As with Isaiah, however, it's important to note that many scholars argue that only portions of the Book of Jeremiah (about the first half) are authentically by the prophet, and many portions were written later by Jeremiah's scribe Baruch ... and some even after the Babylonian exile by later generations of followers of Jeremiah.

Ezekiel predicts the fall of Tyre and Egypt

The third of the major prophets is Ezekiel, whose self-titled book of prophecy contains a series of six visions so trippy that some people claim them as evidence that UFOs have been visiting the Earth since ancient times. Ezekiel lived during the time of the Babylonian exile that Jeremiah warned against, and portions of his prophecies promise the end of the captivity and the restoration of Jerusalem and its temple. The middle chapters of his prophecies, however, contain warnings of destruction against foreign nations. (This isn't an uncommon theme in biblical prophecy. Isaiah and Jeremiah spent quite a while on this topic as well, basically going page by page through an atlas and cursing everyone they saw). 

Most notably, Ezekiel's predictions against Egypt and the great city of Tyre show proof of the prophet's accuracy. Ezekiel promises that Tyre will be swept away by enemies, and Egypt will be a desolate waste. As it so happened, Nebuchadnezzar's 13-year war against Tyre drove the Tyrian people off the mainland and onto an island, and the Muslim invasion of Egypt in the seventh century A.D. left Egypt relatively insignificant. 

Skeptics argue, of course, that these interpretations are a stretch, as neither Tyre nor Egypt were left the smoldering ruins promised by Ezekiel. In fact, Tyre made peace with Babylon, and the specific claims that Egypt would lie empty for 40 years never happened. But prophetic interpretation can be, uh, a dicey proposition.

Prophets predict the restoration of Israel

The Assyrian conquest of the Northern Kingdom of Israel in 722 B.C. saw many Israelites banished from their homes and scattered about the Middle East. This scattering of the Jewish people worsened in the age of the Babylonian exile in the sixth century B.C., and reached its final tipping point with the Roman conquest of Jerusalem in A.D. 70. This saw the Second Temple destroyed, the Judean state crushed, and the Jewish people driven from their homes, all of which contributed to a dispersion of Jewish people around the world known as the Diaspora. As a result, it probably won't surprise you that a lot of Hebrew prophecy, including apocryphal Jewish apocalyptic literature, concerns the idea of the restoration of Israel and the Jewish people.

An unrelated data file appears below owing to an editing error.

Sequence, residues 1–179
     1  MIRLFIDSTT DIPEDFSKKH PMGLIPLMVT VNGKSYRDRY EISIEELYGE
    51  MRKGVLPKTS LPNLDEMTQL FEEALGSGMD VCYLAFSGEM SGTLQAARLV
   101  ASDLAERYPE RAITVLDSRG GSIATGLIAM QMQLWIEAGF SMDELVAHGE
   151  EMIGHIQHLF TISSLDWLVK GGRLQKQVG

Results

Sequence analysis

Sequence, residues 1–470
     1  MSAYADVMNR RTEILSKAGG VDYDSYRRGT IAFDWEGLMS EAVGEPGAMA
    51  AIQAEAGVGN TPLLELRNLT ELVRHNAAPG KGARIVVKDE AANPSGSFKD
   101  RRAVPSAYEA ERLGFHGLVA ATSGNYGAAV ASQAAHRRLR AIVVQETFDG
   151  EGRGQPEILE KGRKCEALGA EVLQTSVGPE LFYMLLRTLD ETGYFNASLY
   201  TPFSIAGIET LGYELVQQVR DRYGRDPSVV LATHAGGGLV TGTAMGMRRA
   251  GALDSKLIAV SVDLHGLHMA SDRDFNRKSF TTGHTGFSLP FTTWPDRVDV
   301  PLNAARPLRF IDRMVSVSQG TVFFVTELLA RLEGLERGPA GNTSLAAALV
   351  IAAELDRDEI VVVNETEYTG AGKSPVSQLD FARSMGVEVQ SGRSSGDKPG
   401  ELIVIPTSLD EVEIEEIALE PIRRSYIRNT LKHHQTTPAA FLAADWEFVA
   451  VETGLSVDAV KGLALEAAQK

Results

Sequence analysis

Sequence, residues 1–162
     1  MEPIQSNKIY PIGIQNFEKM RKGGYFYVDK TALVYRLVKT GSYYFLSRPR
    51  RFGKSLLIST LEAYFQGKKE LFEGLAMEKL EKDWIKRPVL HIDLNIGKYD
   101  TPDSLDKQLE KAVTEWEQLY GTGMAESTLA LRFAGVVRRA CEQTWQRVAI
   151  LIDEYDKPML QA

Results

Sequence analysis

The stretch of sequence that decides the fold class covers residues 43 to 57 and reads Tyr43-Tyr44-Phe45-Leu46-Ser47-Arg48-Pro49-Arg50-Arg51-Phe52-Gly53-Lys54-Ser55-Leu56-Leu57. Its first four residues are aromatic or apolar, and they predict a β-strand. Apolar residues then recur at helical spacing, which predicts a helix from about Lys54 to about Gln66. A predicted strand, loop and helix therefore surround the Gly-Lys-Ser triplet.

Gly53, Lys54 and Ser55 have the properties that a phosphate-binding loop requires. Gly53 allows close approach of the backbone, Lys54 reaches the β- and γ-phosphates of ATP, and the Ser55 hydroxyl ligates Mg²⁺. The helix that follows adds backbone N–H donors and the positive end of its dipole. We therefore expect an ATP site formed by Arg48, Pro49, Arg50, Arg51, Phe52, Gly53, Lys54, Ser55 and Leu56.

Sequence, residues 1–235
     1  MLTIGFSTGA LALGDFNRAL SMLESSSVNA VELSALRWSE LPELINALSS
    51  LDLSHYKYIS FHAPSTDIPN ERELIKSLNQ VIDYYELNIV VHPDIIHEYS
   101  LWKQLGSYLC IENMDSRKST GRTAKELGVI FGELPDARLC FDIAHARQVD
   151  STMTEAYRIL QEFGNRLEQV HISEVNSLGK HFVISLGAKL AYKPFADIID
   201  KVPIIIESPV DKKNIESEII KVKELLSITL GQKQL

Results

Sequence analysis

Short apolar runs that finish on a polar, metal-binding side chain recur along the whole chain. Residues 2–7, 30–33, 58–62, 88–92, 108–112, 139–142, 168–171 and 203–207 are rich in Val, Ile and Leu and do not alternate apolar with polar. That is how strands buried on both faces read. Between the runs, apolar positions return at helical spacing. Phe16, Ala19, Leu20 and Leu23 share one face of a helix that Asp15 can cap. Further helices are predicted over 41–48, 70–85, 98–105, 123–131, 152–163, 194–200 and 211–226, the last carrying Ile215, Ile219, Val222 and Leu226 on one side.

The latter chapters of Ezekiel promise that Jerusalem and its temple will be rebuilt and the people who'd been scattered will be brought back home. The middle chapters of Jeremiah promise restoration for Israel and Judah. While some would argue that these prophecies were predicting the post-Exilic Second Temple period of Judah, some argue that this references the modern state of Israel, which portends the approaching end times. For Jews, that would include the Messianic Age, and for Christians, that would include the Second Coming of Christ. 

Whatever you believe (or don't) about Jewish or Christian eschatology, it's certainly true that some prophets said Israel would exist again, and it currently does.

Daniel's prophecies about a succession of empires

The biblical figure of Daniel, whom people with only a passing knowledge of the Bible will know as the guy from the lion's den, was among the noble citizens of Judah who were taken to Babylon during the exile. His clean living (together with that of his pals Shadrach, Meshach, and Abednego, whom you might remember surviving the fiery furnace) and uncanny ability to interpret dreams guaranteed him a position of power in the court of Nebuchadnezzar ... where he prophesied doom for Babylon.

Probably the two most famous predictions of Daniel come from his interpretation of Nebuchadnezzar's dream of a statue made of various materials, and from the vision of a ghostly hand writing on a wall at King Belshazzar's feast. According to some modern interpretations,, both of these prophecies predicted that Babylon would fall to the Persians, which would subsequently fall to the Greeks, themselves superseded by the Romans, all of whom would eventually yield to the might of the Kingdom of God. As this was indeed the succession of power in that part of the world (minus, arguably, the arrival of the Kingdom of God), many people take the fulfillment of Daniel's prophecy as proof of the accuracy of the Bible.